U.S. tactics against inflation affects rest of world: report

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NEW YORK, April 29 (Xinhua) -- As the Federal Reserve begins to raise interest rates to tackle the highest inflation the United States has seen in decades, its aggressive efforts can have major, unpredictable effects around the world, often with long-lasting, negative consequences for countries in the Global South, reported The New York Times on Thursday.

"And the United States will not be immune to worldwide economic trends. The inflation hawks should consider all of this as they figure out how to address rising prices in the United States today," said the report, adding that "history is a good guide to how destructive the Fed's policies can be for the rest of the world."

During the 1980s, after several years of rising prices, the Fed raised the federal funds rate, namely the interest rate that banks charge one another for short-term borrowing and which guides other interest rates, up to nearly 20 percent. By the end of 1982, unemployment had reached 10.8 percent in the United States, but inflation slowed.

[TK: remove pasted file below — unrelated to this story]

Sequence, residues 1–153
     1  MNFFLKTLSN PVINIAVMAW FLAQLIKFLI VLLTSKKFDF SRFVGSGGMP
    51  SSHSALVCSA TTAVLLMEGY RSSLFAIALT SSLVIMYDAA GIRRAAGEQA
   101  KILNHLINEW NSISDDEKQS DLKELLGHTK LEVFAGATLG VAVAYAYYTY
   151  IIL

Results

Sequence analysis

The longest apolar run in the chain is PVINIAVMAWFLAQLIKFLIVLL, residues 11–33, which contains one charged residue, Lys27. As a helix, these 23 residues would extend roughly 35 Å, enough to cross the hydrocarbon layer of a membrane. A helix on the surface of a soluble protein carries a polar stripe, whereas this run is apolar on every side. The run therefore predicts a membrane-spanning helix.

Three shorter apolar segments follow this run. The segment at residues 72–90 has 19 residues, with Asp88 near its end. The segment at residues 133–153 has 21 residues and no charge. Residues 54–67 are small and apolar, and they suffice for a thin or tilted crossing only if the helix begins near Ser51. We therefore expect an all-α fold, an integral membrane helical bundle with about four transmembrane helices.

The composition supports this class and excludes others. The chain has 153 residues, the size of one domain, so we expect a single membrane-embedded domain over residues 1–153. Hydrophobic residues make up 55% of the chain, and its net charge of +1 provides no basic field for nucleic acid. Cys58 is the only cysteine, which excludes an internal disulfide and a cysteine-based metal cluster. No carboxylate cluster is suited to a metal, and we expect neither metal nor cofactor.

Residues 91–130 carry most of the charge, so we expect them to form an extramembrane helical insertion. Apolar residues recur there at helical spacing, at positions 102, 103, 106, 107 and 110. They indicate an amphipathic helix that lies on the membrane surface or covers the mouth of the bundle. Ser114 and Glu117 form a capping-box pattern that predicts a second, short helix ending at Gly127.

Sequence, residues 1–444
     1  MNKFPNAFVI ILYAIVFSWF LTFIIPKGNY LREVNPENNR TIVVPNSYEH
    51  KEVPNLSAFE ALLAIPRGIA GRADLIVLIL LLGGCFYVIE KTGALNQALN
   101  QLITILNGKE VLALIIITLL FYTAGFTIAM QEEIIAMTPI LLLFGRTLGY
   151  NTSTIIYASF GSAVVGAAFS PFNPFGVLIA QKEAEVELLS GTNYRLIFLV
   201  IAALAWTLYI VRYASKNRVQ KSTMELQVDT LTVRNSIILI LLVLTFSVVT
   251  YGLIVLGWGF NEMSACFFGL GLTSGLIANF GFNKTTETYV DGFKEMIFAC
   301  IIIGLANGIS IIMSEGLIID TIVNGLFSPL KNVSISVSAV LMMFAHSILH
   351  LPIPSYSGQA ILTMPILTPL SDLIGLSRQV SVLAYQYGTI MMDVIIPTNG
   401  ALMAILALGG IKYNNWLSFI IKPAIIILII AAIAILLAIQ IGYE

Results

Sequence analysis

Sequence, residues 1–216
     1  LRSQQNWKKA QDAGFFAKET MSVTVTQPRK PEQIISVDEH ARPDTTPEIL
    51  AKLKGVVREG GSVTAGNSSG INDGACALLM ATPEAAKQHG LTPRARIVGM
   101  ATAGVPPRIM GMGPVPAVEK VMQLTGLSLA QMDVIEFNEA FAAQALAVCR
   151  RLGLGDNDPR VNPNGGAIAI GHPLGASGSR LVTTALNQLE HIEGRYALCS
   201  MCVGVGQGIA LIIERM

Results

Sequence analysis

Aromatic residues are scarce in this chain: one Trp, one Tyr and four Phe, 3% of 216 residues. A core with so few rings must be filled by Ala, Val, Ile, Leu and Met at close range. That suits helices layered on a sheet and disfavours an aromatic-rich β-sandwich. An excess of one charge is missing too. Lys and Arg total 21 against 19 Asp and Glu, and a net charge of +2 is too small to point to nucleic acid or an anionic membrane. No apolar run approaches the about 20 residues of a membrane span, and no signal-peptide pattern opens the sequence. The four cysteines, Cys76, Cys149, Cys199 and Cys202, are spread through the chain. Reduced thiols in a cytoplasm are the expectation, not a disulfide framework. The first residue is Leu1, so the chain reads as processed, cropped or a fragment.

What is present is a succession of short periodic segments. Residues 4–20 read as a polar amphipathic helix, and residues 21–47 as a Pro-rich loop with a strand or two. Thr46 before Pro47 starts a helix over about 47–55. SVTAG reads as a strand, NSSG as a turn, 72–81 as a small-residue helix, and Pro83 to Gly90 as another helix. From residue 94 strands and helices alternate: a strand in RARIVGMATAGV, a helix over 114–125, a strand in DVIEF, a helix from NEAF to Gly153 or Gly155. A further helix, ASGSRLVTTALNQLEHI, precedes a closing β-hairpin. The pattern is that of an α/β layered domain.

The effects of the Fed's decisions were felt beyond the United States' borders - as interests rates rose, debts accrued by foreign countries became more difficult to service, leading to a wave of defaults among countries that had borrowed heavily on international markets in the years before, first with Mexico in 1982 and then throughout Latin America and beyond.

In developing countries, the debt crisis that followed was profoundly traumatic, said the report, noting that "across Latin America, it led to a collapse in GDP, rising unemployment and skyrocketing levels of poverty, from which the region made a slow and imperfect recovery over the 'lost decade' that followed."

"But American policymakers at the time did not give much attention to the global repercussions of their decisions," it said, adding that then Fed chair Paul Volcker himself later admitted "Africa was not even on my radar screen." Enditem

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